"Il est entre mon frère et ma sœur."

Translation:He is between my brother and my sister.

March 15, 2013

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Ridiculous that you cannot enter 'He is between my brother and sister'


You have to focus on French here and translate what you get (as long as the meaning is respected). The reason is that if you keep your English reflexes, you will end up translating "il est entre mon frère et soeur", when you need to express that concept, and it will be wrong.


That IS translating what we get. We understand that you have to have a possessive pronoun in front of both sibling words in French. That doesn't eliminate the fact that in English you don't have to do that.


Just curious. Is the sentence you have as an example a valid sentence and distinct from this one? And isn't this the same idea as translating "Que-ce qu'il" as 'What's he' rather than 'what is this that he'?


French possessives agree with the noun (mon, ma, mes).

You cannot say "mon frère et soeur", because "mon" only applies to "frère" (masc) and not to "soeur" (fem).

So you have to use "mon frère et ma soeur" or "mes frère et soeur".

"Qu'est-ce que" cannot be translated word for word to "What is it that" because that is not the way English questions are built. The other way around "What is he saying?" cannot translate to "Qu'est-il disant ?" because in French, verb être + present participle do not combine to express a continuous action.

In both cases, you have to understand how each language works and adapt your mindset when translating from one to the other.


I agree. In french you must use a possessive pronoun due to gender differentiation, but translating that to english without the extra 'my' is still correct since it's not required.


Fixed. I put "he is between my brother and my sister" and it was accepted.


ambiguous statement,no?


For twisted minds only, hopefully not a majority here. ;-)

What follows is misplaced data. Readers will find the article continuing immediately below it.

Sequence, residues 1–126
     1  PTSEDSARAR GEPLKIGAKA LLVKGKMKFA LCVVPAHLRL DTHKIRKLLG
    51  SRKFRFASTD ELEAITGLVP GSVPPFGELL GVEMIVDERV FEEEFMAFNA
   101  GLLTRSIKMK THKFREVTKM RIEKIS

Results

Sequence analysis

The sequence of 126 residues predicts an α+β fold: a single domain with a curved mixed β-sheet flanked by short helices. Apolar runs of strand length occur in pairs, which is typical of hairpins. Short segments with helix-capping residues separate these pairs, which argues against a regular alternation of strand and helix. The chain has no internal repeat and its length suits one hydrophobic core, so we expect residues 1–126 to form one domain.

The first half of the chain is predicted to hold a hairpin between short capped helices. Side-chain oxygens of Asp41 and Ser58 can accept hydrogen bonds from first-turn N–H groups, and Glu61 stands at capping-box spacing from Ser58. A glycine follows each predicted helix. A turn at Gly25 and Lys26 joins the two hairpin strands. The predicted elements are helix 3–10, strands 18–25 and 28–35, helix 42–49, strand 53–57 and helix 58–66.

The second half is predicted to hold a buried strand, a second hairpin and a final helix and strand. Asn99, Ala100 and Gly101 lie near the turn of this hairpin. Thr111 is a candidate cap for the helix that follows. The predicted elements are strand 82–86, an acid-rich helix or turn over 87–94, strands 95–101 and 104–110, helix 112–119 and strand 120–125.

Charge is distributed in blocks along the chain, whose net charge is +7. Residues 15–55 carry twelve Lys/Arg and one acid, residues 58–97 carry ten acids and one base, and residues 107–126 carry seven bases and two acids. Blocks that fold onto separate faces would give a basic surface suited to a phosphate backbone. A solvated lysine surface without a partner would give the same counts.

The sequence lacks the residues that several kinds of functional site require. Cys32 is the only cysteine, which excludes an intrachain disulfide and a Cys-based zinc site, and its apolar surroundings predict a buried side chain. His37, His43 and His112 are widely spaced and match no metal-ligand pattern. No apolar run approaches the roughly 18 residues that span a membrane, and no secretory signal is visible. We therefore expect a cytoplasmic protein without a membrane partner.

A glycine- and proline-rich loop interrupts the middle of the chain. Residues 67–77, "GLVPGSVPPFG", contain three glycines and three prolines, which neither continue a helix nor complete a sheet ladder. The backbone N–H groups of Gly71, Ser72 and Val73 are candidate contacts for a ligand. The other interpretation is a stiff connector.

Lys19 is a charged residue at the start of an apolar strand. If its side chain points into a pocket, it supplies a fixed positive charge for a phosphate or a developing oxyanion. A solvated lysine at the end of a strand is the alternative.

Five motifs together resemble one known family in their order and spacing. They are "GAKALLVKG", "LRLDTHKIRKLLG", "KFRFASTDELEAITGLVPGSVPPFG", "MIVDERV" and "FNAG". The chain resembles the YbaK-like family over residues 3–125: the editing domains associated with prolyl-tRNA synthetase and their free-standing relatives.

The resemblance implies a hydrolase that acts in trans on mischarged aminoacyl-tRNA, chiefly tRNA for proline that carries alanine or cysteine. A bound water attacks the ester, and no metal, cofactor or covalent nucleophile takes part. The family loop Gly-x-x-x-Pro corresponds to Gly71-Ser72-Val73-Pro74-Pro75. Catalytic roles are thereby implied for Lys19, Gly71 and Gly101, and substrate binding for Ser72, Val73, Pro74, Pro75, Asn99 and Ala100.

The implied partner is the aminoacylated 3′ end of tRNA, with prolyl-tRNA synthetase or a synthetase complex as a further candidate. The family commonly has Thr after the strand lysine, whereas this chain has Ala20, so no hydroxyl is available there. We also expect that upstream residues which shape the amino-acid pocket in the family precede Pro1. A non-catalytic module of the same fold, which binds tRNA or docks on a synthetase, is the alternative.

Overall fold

t-il vraiment bien que cela pourrait signifier que la personne est assise, debout etc entre ma soeur et frère ou est l'enfant du milieu?


Yes, being "somewhere" can be a material position or a figurative position like age.


Je ne suis pas sûr, mais c'est une manière intéressante de l'interpréter. Surtout en comparaison de "il entre dans mon frère et ma soeur". My guess is it might work in context or Il est âgé entre mon frère et ma soeur would clear things up more


can this also mean the order somebody was born? For example: - are you the youngest? - yes I am. -What about Emily? -oh! she is between my brother Peter and my sister Laura. thanks!


yes that works. a number between 4 and 6 is 5.


What does this "between" mean in this sentence?


I think it means he is sitting or standing between the brother and sister.


I am thinking, too, it could be figurative. "Is your sister still angry that your brother wrecked her car?" "Well, that's between my brother and my sister." ie; mind your own business.


That he is 50/50 brother and sister at the same time. :)


In-between would be more precise in English.


it's like you saying the apple is "between" the bananas. In between.


when does entre not become among?


entre = between

among/amongst = parmi


on a slightly different note: Does entre (between) mean only physically between as standing between two other people or could it mean between in the sense that there is a difference of opinion or a rift between people?


thanks once again


in Latin another translation of "among" is "at the house of"


is this il est because the possesives mon et ma are after entre


Is the translation to "between" for "entre" only for the physical sense, or does it apply the same as the metaphorical use in English? Ex: My brother and sister were fighting, so I got between them.


"entre" can be physical or metaphorical in French as well.


Standing between literally or in "penser" or Standing on side "d'accord"


wouldnt let me use the terms bro & sis


I answered " it is between... etc." and was marked correct. Now I need to know if "c'est" and "il est" are always interchangeable.


The general rule is that "it" being a personal pronoun, when it refers to something specific, the translation is "il" or "elle" (as a subject) or "le/la" (as an object).

When "it" is an impersonal subject ("it is raining"), the impersonal pronoun "il" is used in French ("il pleut").

"ce/c'" being a demonstrative pronoun, its most direct translation is "this" or "that" ("c'est beau" = "this/that is beautiful").

However, when "it" is an object ("I like it"), you can often translate it to "cela/ça" ("j'aime ça").

There are also specific cases when "he is" or "she is" have to translate to "c'est": http://www.frenchtoday.com/blog/cest-versus-il-elle-est


Thanks, Sitesurf, Your reply was very helpful.

[deactivated user]


    Is "il est" both for He is and for It is? Il = he or it??


    Yes, "il" can translate to "he" or "it" and "it" can translate to "il" or "elle".


    Thanks! All this time - I've been using DuoLingo for a couple months now using the app on my phone and I never realized that they have the grammar tips accompanying all the lessons if you do it online instead of using the phone app! What a difference!! Appreciate the reply.

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